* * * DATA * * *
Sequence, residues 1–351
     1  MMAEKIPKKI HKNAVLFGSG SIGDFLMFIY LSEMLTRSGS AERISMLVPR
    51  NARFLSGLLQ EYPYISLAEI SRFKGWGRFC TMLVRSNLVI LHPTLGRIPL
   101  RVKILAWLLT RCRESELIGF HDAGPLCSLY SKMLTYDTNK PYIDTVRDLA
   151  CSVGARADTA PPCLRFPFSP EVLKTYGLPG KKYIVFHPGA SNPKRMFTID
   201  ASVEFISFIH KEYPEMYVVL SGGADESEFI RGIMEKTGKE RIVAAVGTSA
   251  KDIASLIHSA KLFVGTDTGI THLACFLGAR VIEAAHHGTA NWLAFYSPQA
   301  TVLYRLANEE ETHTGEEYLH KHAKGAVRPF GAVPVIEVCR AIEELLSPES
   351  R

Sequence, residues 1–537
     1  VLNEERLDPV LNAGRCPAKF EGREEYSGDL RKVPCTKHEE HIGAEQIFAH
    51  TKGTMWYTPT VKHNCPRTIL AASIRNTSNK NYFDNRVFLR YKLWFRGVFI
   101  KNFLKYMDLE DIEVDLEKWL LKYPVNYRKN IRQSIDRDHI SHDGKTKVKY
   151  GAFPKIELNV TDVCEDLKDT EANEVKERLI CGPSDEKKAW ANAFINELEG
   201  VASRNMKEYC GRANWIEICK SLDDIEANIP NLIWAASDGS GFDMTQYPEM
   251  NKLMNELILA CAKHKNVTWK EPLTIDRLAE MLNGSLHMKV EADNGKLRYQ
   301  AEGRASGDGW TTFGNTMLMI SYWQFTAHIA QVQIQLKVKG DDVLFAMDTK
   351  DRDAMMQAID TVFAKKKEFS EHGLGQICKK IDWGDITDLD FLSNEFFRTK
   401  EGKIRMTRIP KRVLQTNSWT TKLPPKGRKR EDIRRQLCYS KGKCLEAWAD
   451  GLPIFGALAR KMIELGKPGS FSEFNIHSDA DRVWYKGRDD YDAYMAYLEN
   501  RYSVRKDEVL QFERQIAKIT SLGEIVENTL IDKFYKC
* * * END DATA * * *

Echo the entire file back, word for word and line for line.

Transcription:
Sequence, residues 1–351
     1  MMAEKIPKKI HKNAVLFGSG SIGDFLMFIY LSEMLTRSGS AERISMLVPR
    51  NARFLSGLLQ EYPYISLAEI SRFKGWGRFC TMLVRSNLVI LHPTLGRIPL
   101  RVKILAWLLT RCRESELIGF HDAGPLCSLY SKMLTYDTNK PYIDTVRDLA
   151  CSVGARADTA PPCLRFPFSP EVLKTYGLPG KKYIVFHPGA SNPKRMFTID
   201  ASVEFISFIH KEYPEMYVVL SGGADESEFI RGIMEKTGKE RIVAAVGTSA
   251  KDIASLIHSA KLFVGTDTGI THLACFLGAR VIEAAHHGTA NWLAFYSPQA
   301  TVLYRLANEE ETHTGEEYLH KHAKGAVRPF GAVPVIEVCR AIEELLSPES
   351  R

Sequence, residues 1–537
     1  VLNEERLDPV LNAGRCPAKF EGREEYSGDL RKVPCTKHEE HIGAEQIFAH
    51  TKGTMWYTPT VKHNCPRTIL AASIRNTSNK NYFDNRVFLR YKLWFRGVFI
   101  KNFLKYMDLE DIEVDLEKWL LKYPVNYRKN IRQSIDRDHI SHDGKTKVKY
   151  GAFPKIELNV TDVCEDLKDT EANEVKERLI CGPSDEKKAW ANAFINELEG
   201  VASRNMKEYC GRANWIEICK SLDDIEANIP NLIWAASDGS GFDMTQYPEM
   251  NKLMNELILA CAKHKNVTWK EPLTIDRLAE MLNGSLHMKV EADNGKLRYQ
   301  AEGRASGDGW TTFGNTMLMI SYWQFTAHIA QVQIQLKVKG DDVLFAMDTK
   351  DRDAMMQAID TVFAKKKEFS EHGLGQICKK IDWGDITDLD FLSNEFFRTK
   401  EGKIRMTRIP KRVLQTNSWT TKLPPKGRKR EDIRRQLCYS KGKCLEAWAD
   451  GLPIFGALAR KMIELGKPGS FSEFNIHSDA DRVWYKGRDD YDAYMAYLEN
   501  RYSVRKDEVL QFERQIAKIT SLGEIVENTL IDKFYKC